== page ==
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Re: A draft for a multibyte and multi-codepoint C string interface

>>> The user has no way to know nor reason to care whether "året" uses
>>> four Unicode code points or five.
>> Or no Unicode anything, if the user doesn't happen to find Unicode
>> appropriate for the task at hand.
> It cannot be up to each user of the filesystem.

I don't see why not.  That's what we have today, and it works well
enough for many purposes.  Sure, it's got problems - but so does your
plan, and so does every other; it's just a question of which sets of
problems are least problematic for which users and tasks.

> [I]f the filesystem has no known encoding, no user can know how to
> decode any filename.

That is simply false.  Today, for example, I have a number of (type-2)
filenames which result from encoding (type-1) filenames in 8859-1.  (I
might have a few in other encodings; I can't think of any offhand, but
I have enough filenames there are certain to be a lot that have been
paged out of my wetware.)  I know how to decode every last one of them.
And the filesystem has no encoding, known or unknown - those file names
do, but the filesystem doesn't.

> While it's technically possible to record the filename's encoding
> per-directory or even per-file, I assert it's both infeasible and
> undesirable.

You've been asserting a lot of things, mostly without any backing and
in the face of substantial disagreement from others on the list.  Is
there any particular reason this assertion should be given any more

>>> "vi året" [...] character strings match regardless of the
>>> byte-sequences, but today the odds are 1:4 against.
>> Where'd you get 1:4?  
> Either the user's provided string or the filename could use the
> single codepoint U+030A or two, the combination of 'a' and the
> COMBINING RING character.[1]  That's 4 combinations.

Yes, but (a) you're assuming only one of those four works, when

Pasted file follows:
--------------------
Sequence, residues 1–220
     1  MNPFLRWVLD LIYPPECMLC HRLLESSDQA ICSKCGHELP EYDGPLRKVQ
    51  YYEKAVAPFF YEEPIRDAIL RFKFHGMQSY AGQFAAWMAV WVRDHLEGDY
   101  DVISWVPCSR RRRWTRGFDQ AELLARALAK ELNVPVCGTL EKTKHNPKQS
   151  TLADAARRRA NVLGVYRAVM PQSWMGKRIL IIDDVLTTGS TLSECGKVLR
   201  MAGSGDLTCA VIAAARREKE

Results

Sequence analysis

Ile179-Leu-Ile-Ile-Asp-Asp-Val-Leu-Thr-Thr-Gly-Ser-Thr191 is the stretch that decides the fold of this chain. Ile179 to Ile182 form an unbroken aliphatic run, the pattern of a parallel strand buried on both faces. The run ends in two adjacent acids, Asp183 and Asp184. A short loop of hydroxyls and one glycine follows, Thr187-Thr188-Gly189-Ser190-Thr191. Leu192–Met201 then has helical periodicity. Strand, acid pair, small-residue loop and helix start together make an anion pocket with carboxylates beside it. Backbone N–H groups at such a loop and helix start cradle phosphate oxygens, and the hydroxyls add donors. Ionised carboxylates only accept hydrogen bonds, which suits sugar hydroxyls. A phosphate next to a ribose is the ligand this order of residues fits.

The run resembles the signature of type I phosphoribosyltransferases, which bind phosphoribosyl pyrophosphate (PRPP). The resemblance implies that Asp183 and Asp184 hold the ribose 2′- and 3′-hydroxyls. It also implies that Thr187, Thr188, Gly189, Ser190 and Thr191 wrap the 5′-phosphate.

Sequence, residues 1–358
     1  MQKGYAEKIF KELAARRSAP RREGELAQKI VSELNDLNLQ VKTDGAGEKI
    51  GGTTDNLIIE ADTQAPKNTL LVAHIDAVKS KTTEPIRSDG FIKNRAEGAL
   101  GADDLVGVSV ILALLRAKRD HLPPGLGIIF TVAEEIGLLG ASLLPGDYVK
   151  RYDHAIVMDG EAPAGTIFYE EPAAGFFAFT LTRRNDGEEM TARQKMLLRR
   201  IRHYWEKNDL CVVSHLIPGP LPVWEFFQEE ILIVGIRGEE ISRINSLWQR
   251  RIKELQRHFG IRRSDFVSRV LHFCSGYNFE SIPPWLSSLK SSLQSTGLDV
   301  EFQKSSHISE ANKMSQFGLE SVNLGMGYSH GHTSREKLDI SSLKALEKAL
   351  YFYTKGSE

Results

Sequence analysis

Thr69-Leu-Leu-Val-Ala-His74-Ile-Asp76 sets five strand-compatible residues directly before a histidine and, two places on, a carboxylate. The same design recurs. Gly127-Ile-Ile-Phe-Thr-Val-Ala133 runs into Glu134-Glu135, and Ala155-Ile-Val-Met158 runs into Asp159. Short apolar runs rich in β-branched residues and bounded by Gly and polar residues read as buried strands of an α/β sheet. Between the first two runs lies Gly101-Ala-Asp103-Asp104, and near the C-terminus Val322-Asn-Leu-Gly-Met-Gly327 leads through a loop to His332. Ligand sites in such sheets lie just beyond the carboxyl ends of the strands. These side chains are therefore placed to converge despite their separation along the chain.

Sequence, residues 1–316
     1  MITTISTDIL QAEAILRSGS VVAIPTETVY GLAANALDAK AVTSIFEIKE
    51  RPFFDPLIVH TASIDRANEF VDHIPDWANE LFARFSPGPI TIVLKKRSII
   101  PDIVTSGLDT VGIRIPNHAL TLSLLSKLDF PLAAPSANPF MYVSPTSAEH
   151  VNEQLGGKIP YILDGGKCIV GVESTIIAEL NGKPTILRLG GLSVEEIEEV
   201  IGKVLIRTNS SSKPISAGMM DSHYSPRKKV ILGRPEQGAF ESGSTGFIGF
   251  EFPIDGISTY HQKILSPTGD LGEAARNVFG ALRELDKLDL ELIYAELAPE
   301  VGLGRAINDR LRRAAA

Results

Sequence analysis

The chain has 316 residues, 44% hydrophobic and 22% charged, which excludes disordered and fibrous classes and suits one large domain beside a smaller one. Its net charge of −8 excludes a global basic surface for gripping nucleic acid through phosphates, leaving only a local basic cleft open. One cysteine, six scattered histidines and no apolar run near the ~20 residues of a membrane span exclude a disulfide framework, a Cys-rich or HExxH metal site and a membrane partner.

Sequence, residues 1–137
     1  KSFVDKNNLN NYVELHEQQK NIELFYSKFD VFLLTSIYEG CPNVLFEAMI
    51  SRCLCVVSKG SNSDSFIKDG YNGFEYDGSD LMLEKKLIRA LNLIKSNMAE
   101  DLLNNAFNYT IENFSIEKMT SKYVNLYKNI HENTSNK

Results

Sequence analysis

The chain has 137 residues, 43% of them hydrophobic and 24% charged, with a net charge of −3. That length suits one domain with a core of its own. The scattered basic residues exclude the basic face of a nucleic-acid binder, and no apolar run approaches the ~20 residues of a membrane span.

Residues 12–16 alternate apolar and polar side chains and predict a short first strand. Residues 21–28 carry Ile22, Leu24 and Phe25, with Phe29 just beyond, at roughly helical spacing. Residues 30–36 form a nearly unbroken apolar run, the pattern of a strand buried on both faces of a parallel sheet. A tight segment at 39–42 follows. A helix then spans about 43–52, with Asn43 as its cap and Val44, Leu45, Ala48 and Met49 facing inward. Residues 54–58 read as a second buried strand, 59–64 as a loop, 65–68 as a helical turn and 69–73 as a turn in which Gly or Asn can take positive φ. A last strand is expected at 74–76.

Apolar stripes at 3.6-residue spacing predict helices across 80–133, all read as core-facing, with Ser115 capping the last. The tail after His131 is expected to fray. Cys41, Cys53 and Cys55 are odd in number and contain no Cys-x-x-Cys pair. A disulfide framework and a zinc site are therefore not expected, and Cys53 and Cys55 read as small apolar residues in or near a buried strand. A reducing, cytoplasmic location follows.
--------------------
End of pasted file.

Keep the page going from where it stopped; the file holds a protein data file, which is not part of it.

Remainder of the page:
actually, two of them do (as long as the provided string and the name
in the filesystem match, it'll work), and (b) "4 combinations" and
"odds are 1:4 against" are equivalent only when each combination is
equiprobable, which is unlikely in practice (especially since the four
possibilities are the cross product of two far-from-independent makings
of a single two-alternative choice).

> If system A uses one scheme and the filesystem is also (or later)
> mounted on system B that user the other, manipulating those files on
> system B will be difficult, to say the least.

Only if (a) ls (or equivalent) conceals the actual octet sequence from
the user, presenting only the character sequence, and/or (b) the shell
(or equivalent) makes it difficult to generate that octet sequence.
See below.

> It need not be two systems, either.  NetBSD offers no filename
> canonicalization.  One user can create the file by pasting the name
> from xpdf; that same user may not be able to open it from the command
> line because he cannot recreate the byte-sequence.

Only if the shell makes it difficult-to-impossible to create the
relevant octet sequence.

I note that both this and the previous quote's difficulties are cured
(or at the very least workarounds made easy) by recognizing that
(type-2) filenames are octet sequences, octet sequences which may be